Updated: February 17, 2020 08:12 PM
Luke Slavens is living his dream of being part of the University of Iowa athletics program as a student manager for the men's basketball program. The 2018 graduate of Minnetonka High School nearly had that dream come to a sudden end. Instead, it turned into a story of teamwork, preparation and perfect timing.
"Fortunately we were prepared for everything for that situation," Iowa Hawkeyes team trainer Brad Floy said.
That "situation" was the moment at a team practice on January 12 when Luke's heart stopped. After feeling light-headed and dizzy while helping players rebound while shooting baskets, he went into cardiac arrest.
Floy immediately sprung into action.
"Checking his pulse. Making sure he's still breathing. Still has a pulse. Then he lost it pretty quickly," Floy said. "Then it was okay, we've gotta act really quick."
Floy had lots of help. A student who works with him called 911 while he grabbed an AED -- or Automated External Defibrillator -- the team keeps available at all practices and games.
"I probably had it hooked up within less than 30 seconds after losing his pulse," Floy says, stressing it took teamwork to save Luke.
While his student aide had a 911 operator on the line, a public safety officer performed mouth-to-mouth resuscitation as Floy did chest compressions and used the AED.
"So he had a shock (from the AED) probably within a minute of losing his pulse," Floy said.
Talk about teamwork. More help was arriving. As luck would have it, emergency medical personnel were arriving at Carver-Hawkeye Arena to work a women's basketball game scheduled for a short time later.
Floy and his team already had Luke revived before the EMT's arrived.
"He responded to (the AED) just like you'd hope," Floy said. "One shock. A little CPR...and he was right back. It couldn't have been more textbook for what I teach every day in class."
That's right. Floy isn't just the team trainer, he also teaches CPR at the University of Iowa.
"As athletic trainers, we practice this several times a year, but I get even more practice because I teach others how to do it."
Luke found out all of these details after he got to the emergency room.
"I think I remember him kneeling down next to me, but after that I just blacked out," Slavens said.
He couldn't believe how good he felt after regaining consciousness.
"I felt the chest compressions, but I honestly thought I was going to go back to practice," Slavens said. "Like I thought we were going to prop me up and let's go."
Floy laughs and says Luke made a quick comeback, but going back to practice that quick wasn't an option.
"Most times when people go into cardiac arrest you might get the pulse back from the defibrillation, but getting them to regain consciousness like that within a minute is really rare," Floy said.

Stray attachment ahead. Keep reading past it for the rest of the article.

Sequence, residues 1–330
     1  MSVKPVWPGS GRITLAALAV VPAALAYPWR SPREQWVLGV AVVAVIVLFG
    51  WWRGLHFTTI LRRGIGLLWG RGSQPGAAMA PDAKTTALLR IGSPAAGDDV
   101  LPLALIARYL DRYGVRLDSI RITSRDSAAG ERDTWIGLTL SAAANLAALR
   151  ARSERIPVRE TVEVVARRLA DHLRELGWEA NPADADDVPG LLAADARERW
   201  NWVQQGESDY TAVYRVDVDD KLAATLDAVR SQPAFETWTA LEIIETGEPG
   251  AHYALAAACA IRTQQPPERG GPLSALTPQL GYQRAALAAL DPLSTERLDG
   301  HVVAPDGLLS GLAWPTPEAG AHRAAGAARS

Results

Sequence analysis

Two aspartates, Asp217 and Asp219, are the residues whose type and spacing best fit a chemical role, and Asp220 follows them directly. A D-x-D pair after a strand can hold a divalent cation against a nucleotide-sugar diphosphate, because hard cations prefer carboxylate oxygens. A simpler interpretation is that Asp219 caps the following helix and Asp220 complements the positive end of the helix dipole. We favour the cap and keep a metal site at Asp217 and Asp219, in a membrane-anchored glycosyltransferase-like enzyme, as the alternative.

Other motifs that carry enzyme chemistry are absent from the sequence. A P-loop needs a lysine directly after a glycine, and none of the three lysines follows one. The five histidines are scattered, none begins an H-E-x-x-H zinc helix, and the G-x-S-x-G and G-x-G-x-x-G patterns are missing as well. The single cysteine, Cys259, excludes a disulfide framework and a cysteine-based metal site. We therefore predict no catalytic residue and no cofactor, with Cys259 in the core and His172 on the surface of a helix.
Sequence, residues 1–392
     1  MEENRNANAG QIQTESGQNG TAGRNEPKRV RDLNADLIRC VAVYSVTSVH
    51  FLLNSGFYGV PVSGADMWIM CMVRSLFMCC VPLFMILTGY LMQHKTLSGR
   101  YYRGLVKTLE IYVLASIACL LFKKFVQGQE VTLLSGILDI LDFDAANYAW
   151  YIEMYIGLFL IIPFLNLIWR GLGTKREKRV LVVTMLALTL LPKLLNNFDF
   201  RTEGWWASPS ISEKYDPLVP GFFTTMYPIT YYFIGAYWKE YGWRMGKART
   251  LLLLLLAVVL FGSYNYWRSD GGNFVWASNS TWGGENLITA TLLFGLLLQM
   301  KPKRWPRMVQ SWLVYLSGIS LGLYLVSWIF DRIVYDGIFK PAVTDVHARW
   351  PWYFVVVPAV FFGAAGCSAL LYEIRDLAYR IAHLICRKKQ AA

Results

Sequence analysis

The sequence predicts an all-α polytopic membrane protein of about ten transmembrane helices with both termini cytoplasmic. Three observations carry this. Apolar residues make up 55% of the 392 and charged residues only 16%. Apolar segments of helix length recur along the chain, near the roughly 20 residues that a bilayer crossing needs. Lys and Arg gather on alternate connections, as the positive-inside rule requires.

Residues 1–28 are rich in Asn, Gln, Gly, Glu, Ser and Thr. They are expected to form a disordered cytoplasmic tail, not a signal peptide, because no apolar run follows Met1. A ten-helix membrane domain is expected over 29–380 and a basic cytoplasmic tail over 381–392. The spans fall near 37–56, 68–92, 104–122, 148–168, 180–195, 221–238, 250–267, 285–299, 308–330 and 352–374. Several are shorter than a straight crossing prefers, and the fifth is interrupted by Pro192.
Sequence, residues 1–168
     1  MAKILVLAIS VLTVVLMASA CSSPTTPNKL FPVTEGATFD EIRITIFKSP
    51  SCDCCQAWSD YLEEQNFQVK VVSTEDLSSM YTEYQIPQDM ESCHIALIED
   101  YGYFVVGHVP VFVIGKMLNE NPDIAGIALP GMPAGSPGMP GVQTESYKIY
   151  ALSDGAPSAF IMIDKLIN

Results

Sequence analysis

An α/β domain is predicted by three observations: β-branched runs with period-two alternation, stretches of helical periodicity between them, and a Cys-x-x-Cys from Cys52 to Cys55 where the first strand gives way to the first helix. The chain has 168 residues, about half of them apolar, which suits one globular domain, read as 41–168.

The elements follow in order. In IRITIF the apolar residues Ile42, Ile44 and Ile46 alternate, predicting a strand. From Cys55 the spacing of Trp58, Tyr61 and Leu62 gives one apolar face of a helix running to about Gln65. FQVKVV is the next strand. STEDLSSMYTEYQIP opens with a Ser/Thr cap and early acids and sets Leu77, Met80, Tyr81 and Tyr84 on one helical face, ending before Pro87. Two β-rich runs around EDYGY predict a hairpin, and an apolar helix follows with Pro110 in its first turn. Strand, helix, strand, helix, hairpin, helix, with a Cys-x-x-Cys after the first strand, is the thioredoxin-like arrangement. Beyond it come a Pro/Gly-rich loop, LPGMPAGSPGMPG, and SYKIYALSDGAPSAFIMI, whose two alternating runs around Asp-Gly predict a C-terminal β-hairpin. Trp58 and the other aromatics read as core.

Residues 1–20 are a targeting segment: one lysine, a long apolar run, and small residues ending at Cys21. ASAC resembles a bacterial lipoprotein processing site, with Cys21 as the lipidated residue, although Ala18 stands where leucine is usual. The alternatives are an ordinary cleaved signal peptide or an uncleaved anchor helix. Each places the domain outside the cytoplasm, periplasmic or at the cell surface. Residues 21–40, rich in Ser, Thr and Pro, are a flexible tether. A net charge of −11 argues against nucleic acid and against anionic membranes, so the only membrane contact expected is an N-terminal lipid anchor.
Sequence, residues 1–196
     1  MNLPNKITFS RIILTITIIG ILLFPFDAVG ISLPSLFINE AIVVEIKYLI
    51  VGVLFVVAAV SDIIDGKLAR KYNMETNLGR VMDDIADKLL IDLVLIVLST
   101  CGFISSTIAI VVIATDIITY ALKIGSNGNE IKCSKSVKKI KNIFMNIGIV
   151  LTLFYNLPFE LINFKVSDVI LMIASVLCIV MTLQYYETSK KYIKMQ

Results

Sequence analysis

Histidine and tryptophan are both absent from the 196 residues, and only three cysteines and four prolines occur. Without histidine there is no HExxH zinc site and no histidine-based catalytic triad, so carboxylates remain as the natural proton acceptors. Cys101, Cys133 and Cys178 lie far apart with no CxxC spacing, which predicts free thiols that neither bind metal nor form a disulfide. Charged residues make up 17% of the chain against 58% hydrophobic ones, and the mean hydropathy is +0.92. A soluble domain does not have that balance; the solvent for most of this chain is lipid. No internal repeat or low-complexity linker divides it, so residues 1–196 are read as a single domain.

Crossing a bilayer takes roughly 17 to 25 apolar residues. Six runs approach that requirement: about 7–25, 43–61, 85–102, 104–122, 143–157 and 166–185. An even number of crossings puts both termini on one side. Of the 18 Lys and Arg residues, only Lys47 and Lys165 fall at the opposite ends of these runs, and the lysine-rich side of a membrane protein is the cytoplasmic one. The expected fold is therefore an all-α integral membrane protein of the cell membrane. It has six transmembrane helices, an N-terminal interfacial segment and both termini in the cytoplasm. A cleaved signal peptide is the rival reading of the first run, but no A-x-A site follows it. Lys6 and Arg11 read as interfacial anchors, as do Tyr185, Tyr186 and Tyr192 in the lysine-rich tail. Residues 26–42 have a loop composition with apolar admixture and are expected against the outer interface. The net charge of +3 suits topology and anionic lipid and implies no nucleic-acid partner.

Slavens spent a week in the hospital after getting a defibrillator implanted in his chest.
"If my heart ever stops again then it's sort of insurance that it shocks it back to normal," Slavens said.
He was diagnosed with a genetic heart condition called Brugada Synrdome many years ago and has had annual check-ups at Mayo Clinic. However, he'd never had a heart episode until last month.
Once Luke was stabilized and in the hands of paramedics, Floy went to check on the players and other team personnel after practice was cut short.
"When they were transporting him I made a lap through the locker room and just told them, 'Hey Luke's okay,'" he said. "The managers and players with tears in their eyes, they were very concerned. Luke's a team manager, but also a friend to all of them."
Luke says every one of the players texted him within an hour or so of his cardiac arrest to check in on him. Many of the players visited him in the hospital, as did coach Fran McCaffery.
The toughest part was calling Luke's parents, John and Maria. They are long-time Hawkeye boosters and were on their way back to their home in Chanhassen when they got the call just 40 miles outside Iowa City. Floy made sure Luke talked directly to them.
Not surprisingly, Luke was more concerned about his parents than himself.
"They were very happy to hear my voice," Luke said. "That was the first thing they said to me. They were extremely grateful for Brad.and everything. They were crying on the phone, but I was trying to keep them calm. I said I'm okay. Don't get in a car crash driving down here because that would just be horrible."
Once Luke was stabilized in the hospital, Floy was finally able to relax a bit and reflect on what had happened.
"I can't speak highly enough for Luke and our managers," Floy says about how hard they all work. "So for me to be able to do something to help one of them after what they do all day long, day in and day out for us...it means a lot to me to be able to help one of them."
Both Slavens and Floy know how lucky they all were. His heart condition isn't triggered by exertion, but could have happened in his sleep or when he was alone and there wouldn't have been anyone there to help him.
"I'm just very grateful for Brad and the entire sports staff and the EMS people just being there," Slavens says. "I just can't be more grateful."
More information about Brugada syndrome can be found at the link here.
Updated: February 17, 2020 08:12 PM
Published: February 17, 2020 06:51 PM
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